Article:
Finn Turns Nine

Star baseball player, up-and-coming golfer, great brother, even greater son.

We got lucky again.


Doin’ the Puyallup

Yesterday the Jenkins fam and our friend Sammie ventured south.  Our destination — the Puyallup Fair, which I think is now known as the Washington State Fair.

It was Reese’s first venture there, my first in thirty-plus years, Finn’s second this week.

A fun day out, but it sure wasn’t cheap.

One thing that you can’t say about Reese: she has a tough life.

Last week I took her, Finn and a bunch of her pals to Wild Waves in Federal Way.

For the last 24 hours she’s been with a mostly different group of gals at Great Wolf Lodge.

I know little about how it went but the mom in charge did send a few cute photos our way:

I’ve long thought our May outing to a Husky softball game was the best outing of the year.

Yesterday was a close second.

Finn and Reese and three of Reese’s pals — Emerson, Sammie and Gracie — and I all joined some other friends for a day out at Wild Waves in Federal Way.

We made a full day out of it.

Left the ‘hood at 9 am; there when the gates opened at 10 am; there until the gates closed at 7 pm; home (after a quick dinner at Taco Time) by 8:30.

Not quite a twelve-hour day, but close.

In 2011 I first published my list of my top twenty-five favorite golf courses.  I’ve updated it a few times since then, the last time in 2014.  Now that I’m back from a week of playing golf on east- and north coasts of Ireland, I thought it appropriate to update it again.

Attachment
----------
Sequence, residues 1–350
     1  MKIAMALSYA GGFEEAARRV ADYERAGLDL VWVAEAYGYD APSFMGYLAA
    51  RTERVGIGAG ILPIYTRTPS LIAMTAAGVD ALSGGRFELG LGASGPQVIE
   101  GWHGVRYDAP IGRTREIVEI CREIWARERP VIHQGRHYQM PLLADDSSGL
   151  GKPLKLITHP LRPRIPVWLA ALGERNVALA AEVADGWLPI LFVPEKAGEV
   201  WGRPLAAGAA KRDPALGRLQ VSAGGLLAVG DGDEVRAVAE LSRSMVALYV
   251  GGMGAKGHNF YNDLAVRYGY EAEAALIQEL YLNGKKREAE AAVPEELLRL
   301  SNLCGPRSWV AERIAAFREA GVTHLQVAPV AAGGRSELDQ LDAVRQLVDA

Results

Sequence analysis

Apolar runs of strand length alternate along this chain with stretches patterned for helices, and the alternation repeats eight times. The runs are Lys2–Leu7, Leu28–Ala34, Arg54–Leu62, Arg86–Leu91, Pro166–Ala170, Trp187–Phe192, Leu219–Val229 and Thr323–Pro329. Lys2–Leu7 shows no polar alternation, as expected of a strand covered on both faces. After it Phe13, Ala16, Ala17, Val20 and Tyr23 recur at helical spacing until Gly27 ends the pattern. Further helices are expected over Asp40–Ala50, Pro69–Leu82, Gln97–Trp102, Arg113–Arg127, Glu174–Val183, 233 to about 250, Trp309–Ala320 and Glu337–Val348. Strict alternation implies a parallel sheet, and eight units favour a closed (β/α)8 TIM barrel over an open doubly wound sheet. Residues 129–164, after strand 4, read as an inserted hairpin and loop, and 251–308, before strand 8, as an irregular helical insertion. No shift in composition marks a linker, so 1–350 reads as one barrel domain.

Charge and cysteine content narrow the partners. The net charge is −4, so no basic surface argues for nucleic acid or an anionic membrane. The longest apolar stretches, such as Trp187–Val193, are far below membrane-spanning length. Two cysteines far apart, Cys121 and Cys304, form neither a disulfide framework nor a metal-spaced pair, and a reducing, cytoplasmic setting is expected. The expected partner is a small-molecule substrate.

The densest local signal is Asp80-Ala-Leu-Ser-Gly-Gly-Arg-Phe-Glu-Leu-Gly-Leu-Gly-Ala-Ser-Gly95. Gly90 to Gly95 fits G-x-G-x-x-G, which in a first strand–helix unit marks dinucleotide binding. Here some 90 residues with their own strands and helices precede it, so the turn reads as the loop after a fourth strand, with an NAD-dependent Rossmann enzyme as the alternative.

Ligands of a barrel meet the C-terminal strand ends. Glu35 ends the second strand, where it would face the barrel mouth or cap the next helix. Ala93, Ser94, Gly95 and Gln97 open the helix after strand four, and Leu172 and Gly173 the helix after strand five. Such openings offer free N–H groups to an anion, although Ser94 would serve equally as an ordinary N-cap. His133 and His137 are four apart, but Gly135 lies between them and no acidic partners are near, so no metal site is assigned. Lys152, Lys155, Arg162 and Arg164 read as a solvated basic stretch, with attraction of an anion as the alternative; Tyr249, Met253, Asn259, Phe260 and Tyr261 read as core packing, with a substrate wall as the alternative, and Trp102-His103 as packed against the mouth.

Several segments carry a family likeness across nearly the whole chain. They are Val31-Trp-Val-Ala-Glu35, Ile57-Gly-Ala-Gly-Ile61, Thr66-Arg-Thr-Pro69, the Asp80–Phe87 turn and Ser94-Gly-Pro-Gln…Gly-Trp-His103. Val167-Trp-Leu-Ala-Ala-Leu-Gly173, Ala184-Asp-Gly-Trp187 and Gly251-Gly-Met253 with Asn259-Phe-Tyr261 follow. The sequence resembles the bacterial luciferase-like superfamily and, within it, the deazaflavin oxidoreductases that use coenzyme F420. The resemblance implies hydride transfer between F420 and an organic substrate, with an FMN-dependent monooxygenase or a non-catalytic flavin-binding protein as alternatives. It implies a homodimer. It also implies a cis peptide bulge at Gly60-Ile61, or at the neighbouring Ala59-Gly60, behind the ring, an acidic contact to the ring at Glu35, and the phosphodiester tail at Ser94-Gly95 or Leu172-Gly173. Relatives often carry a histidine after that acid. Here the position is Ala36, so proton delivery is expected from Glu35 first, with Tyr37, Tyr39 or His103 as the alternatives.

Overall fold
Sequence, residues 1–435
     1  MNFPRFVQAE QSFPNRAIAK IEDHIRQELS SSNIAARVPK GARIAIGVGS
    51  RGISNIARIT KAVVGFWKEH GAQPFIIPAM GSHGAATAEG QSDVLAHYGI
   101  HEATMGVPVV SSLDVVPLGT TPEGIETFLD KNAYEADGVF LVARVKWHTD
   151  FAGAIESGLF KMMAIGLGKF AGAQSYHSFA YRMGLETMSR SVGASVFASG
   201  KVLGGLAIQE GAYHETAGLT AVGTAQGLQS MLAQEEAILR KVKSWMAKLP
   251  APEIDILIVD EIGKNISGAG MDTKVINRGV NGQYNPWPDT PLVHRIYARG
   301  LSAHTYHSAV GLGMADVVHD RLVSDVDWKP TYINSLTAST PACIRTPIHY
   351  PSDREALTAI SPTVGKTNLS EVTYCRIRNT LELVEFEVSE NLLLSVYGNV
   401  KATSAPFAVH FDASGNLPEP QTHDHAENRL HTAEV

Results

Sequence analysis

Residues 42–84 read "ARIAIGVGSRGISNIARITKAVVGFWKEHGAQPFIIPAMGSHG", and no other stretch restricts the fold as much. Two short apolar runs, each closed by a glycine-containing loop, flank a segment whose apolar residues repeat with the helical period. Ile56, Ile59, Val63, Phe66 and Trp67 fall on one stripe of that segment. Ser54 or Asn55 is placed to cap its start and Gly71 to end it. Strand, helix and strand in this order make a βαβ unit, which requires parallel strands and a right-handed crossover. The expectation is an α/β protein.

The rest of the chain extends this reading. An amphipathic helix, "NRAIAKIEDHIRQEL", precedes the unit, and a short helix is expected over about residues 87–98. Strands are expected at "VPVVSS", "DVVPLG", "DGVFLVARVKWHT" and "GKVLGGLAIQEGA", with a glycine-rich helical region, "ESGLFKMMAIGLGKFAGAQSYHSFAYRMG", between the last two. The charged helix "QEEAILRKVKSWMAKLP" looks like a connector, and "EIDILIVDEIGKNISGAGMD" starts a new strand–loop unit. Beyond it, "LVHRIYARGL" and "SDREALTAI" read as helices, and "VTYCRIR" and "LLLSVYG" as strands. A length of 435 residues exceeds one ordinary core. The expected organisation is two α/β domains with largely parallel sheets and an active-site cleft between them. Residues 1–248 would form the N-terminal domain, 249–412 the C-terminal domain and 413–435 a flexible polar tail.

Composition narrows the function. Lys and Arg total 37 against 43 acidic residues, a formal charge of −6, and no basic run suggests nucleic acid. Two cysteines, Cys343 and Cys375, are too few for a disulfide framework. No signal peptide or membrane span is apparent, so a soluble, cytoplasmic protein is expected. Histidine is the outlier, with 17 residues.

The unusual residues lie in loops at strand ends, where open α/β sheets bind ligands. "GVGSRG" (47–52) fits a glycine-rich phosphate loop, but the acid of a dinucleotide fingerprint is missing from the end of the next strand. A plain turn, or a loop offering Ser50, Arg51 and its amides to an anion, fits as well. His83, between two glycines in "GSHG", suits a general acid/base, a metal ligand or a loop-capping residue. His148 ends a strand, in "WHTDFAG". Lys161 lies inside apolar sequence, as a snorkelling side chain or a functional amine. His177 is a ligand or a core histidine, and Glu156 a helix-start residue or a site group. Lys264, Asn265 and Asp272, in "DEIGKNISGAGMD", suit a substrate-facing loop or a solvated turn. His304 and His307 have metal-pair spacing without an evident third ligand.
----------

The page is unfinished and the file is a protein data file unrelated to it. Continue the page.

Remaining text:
Northern Ireland’s visually stunning Ardglass debuted no. 2 on my list.

Of the nine courses I played on this trip, seven made the list:

  1. Cruden Bay (Cruden Bay, Scotland). If there’s a more fun course on the planet I’d love to know what it is.
  2. NEW Ardglass (Downpatrick, Northern Ireland).  As visually stunning as any course I’ve ever seen.
  3. North Berwick (West)(North Berwick, Scotland). Back nine is the most enjoyable nine holes I’ve ever played.
  4. NEW Royal County Down (Newcastle, Northern Ireland.  As of this writing, Golf Digest has it ranked no. 1 in the world.
  5. Prestwick (Prestwick, Scotland.) Very eccentric and about as historic as it gets.
  6. Royal Dornoch (Dornoch, Scotland.). Other-worldly.
  7. NEW The Island (Donabate, Ireland).   A hidden gem located just outside Dublin.
  8. Muirfield (East Lothian, Scotland) Probably the strongest course I’ve played (Portstewart a close second).
  9. Turnberry (Ayshire, Scotland.) Has the beauty and course quality, but lacks Cruden Bay and North Berwick’s fun factor.
  10. Bandon Dunes (Bandon, OR). Probably not as great as its Pacific Dunes sibling, but considerably more enjoyable.
  11. St. Andrews (Old)(St. Andrews, Scotland.) Makes my top ten because it is the Old Course, but truth be told its true greatness escaped me.
  12. Tobacco Road (Sanford, NC).  As visually stimulating as any course I can remember, I consider it the Prestwick of the South.
  13. Chambers Bay (Tacoma, WA). Too bad I can only afford to play it once a year max.
  14. Los Angeles CC (North) (Los Angeles, CA). Played LACC in November 2013 for the first time since 1993. (More.) Every bit as great as I remembered.
  15. Pacific Dunes (Bandon, OR). The best course I’d ever played until I went to Scotland.
  16. NEW Royal Portrush (Portrush, Northern Ireland).  No. 16 is the toughest par 3 I’ve ever seen.